High Blood Pressure: Get the Facts

Article and audio introduction by Samantha Kennedy, Family and Consumer Sciences

In honor of American Heart Month, I wanted to share a few facts about high blood pressure. According to the American Heart Association, nearly 78 million people in the United States has high blood pressure (also known as hypertension). That is about 1 in 3 people!

Why is this significant? Well, high blood pressure is one of the most important factors in overall heart health. Chronic high blood pressure can damage both the heart and blood vessels and can lead to catastrophic events such as stroke and heart attack.

What is considered high blood pressure? Any reading where the top number is over 130 or the bottom number is over 80. The top number is called the systolic blood pressure, which is the pressure in the blood vessels when the heart contracts (beats). The bottom number is called the diastolic blood pressure, which is the pressure in the blood vessels when the heart is at rest (between beats).

There are varying degrees of high blood pressure: normal, elevated, stage 1, stage 2, and what is called hypertensive crisis, which is when the blood pressure reading is high to a very dangerous level. It is important for overall heart health to consult a physician and to take steps to lower high blood pressure.

a variety of fruit and veggies can help reduce high blood pressure
Eating a diet rich in fresh fruit and vegetables is part of a heart-healthy lifestyle. (Photo source: Lyon Duong, UF/IFAS)

Here are a few facts about high blood pressure from the American Heart Association:

Having a family history of high blood pressure does not mean getting it is inevitable. With the proper lifestyle practices such as a healthy diet and exercise, many people with a family history of hypertension never suffer from it themselves.

Simply avoiding table salt is not enough to control sodium intake. Sodium is a contributing factor to high blood pressure. It is also present in more than just table salt. While limiting the amount of added salt at the dinner table is a good practice, it is also important to check the labels of processed foods for any hidden sodium.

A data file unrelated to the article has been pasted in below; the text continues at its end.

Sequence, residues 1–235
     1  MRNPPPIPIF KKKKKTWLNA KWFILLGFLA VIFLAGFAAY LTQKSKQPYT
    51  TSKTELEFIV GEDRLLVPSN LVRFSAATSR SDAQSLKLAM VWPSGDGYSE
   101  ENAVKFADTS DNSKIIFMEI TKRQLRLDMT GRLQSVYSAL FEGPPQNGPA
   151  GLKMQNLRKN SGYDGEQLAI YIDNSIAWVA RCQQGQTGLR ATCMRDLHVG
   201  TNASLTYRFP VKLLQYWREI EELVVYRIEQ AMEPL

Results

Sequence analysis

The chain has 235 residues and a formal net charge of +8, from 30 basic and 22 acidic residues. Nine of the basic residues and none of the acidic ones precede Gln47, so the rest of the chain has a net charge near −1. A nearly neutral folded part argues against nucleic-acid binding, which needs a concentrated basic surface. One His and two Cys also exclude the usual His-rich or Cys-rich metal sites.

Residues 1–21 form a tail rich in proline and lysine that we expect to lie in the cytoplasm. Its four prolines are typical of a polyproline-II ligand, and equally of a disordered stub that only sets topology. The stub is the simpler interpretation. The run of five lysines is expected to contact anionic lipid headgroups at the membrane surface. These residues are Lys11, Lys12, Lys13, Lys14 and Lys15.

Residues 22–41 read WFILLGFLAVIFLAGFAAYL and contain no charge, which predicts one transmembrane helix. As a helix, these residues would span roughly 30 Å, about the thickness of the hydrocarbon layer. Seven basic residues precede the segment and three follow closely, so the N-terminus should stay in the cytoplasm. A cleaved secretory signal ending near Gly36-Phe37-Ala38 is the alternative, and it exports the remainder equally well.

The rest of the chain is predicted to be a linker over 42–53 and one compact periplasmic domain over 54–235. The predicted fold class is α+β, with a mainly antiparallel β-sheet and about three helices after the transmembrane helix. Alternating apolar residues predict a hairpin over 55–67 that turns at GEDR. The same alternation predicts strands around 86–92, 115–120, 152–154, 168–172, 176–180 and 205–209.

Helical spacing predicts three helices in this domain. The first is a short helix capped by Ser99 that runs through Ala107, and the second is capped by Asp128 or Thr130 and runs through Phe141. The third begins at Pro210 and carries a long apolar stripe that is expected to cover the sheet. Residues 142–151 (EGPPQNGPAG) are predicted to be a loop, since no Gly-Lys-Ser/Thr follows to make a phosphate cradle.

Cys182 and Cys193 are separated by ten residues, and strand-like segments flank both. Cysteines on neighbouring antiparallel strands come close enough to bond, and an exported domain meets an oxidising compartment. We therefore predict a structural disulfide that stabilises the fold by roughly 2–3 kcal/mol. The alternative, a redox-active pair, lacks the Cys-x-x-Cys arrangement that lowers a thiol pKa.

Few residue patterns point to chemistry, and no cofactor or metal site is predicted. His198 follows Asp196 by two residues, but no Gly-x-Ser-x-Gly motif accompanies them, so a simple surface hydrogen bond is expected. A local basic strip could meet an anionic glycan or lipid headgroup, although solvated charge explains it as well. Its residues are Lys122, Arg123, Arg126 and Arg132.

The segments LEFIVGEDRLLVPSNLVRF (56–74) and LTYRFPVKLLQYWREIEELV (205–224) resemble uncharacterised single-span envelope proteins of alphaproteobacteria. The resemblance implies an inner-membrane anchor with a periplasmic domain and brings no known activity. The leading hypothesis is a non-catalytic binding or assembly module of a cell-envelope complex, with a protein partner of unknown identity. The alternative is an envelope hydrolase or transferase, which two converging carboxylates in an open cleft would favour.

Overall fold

Kosher salt and sea salt are not healthier alternatives to table salt. Both kosher and sea salt contain the same amount of sodium as table salt and therefore have the same effect on blood pressure as table salt. It is important to limit the additional use of all three types of salt whenever possible.

High blood pressure occurs without any noticeable symptoms. It is called “the silent killer” because many people suffer the consequences of chronic high blood pressure without ever realizing they have it. They feel fine, but all along their arteries, heart, and other organs have been damaged by hypertension.

Do not rely only on the doctor to monitor high blood pressure. It is important to keep a daily log of blood pressure readings at home on your own. This long-term record can provide important information to the doctor who can help create an effective treatment plan, which may include medications.

High blood pressure can be a lifelong disease and if it goes untreated or uncontrolled, can lead to severe consequences. It is important to maintain a healthy blood pressure by practicing healthy lifestyle practices such as eating a healthy diet, exercising regularly, and properly taking appropriate medications if needed.

For more information about high blood pressure and healthy lifestyle practices, please call Samantha Kennedy, Family and Consumer Sciences agent, at (850) 926-3931.

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Posted: February 24, 2020

Category: Health & Nutrition, UF/IFAS Extension, WORK & LIFE
Tags: Families & Consumers, Family And Consumer Sciences, Health, Health And Wellness, High Blood Pressure, Hypertension, Nutrition, Wakulla, Wellness

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